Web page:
Now Mitsubishi admits to faking fuel economy tests on 600,000 vehicles

Japanese carmaker Mitsubishi Motors has admitted manipulating fuel economy emissions tests on some of its own brand and Nissan cars. The company spoke up after initial reports vehicles had failed testing sparked the biggest one day fall in its share price for 12 years - losing 15%, or $1.2bn (£835m), of its market value by the close of trading. Mitsubishi confirmed there was evidence to suggest employees falsified emissions test data for several models, involving 157,000 of its own brand light passenger cars and 468,000 vehicles produced for Nissan. The news comes in the wake of the VW emissions scandal which affected millions of vehicles worldwide.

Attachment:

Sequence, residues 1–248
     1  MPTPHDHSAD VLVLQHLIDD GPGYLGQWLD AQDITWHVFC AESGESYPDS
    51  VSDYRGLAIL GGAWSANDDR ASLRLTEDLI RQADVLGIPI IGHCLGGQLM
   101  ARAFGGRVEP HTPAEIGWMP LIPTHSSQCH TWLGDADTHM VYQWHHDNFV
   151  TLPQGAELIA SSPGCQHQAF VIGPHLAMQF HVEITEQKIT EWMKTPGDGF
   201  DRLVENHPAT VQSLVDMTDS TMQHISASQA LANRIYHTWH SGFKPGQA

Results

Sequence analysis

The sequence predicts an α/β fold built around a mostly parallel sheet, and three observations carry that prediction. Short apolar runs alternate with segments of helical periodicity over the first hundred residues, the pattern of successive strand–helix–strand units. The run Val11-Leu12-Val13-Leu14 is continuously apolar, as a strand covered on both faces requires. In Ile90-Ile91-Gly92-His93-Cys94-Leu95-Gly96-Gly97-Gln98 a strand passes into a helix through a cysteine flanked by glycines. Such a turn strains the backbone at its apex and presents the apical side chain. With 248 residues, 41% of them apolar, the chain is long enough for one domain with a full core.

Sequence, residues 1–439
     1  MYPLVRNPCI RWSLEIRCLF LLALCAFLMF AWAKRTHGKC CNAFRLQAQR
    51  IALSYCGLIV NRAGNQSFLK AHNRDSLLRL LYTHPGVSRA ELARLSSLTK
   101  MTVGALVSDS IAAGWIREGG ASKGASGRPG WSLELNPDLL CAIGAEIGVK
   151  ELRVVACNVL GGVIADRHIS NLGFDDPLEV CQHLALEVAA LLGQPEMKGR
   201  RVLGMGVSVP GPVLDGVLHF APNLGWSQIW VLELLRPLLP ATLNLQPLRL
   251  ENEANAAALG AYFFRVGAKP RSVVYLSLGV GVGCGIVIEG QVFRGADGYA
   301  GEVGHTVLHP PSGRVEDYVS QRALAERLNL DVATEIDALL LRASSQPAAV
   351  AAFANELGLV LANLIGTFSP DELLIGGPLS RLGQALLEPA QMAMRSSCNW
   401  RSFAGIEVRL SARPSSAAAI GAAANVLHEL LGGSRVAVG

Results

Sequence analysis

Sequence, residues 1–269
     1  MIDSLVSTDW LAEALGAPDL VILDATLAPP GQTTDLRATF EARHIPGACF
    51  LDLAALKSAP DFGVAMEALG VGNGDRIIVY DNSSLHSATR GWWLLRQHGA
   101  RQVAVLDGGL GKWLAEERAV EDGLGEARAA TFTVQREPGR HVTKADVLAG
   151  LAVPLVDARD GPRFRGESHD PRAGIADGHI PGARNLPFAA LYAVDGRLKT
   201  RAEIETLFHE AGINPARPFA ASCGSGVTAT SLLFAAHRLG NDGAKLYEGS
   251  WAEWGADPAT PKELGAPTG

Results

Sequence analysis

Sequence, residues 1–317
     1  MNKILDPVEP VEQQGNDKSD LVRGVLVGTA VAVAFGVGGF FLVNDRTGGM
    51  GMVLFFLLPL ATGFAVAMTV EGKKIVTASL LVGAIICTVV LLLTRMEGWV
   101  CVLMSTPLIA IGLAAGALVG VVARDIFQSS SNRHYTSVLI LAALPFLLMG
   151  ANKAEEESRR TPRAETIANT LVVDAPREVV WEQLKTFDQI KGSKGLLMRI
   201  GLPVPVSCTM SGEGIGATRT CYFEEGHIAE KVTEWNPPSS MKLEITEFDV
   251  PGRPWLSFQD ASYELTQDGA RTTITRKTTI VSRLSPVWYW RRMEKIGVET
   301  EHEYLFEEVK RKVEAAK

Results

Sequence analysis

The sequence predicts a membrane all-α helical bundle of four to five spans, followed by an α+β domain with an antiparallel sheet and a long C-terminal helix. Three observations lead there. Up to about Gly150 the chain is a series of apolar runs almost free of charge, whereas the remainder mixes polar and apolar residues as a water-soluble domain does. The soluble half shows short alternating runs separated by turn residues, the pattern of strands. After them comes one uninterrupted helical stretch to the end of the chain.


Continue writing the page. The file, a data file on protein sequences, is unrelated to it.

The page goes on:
This may be different from Volkswagen’s issue, but the market has become very sensitive to such kind of news.

Seiji Sugiura, an analyst at Tokai Tokyo Research Center, tells Bloomberg

Company bosses, including Mitsubishi Motors president Tetsuro Aikawa, bowed deeply at the start of a media briefing in Tokyo. He said the misconduct was reported to Japan’s transportation ministry. It is understood the bulk of the vehicles affected were sold in the domestic Japanese market and further details were being given at a news conference in Tokyo. President Tetsuro has told reporters the wrongdoing came to light because Nissan alerted it to inconsistencies in emissions data. He said Mitsubishi’s internal probe uncovered the manipulation by staff.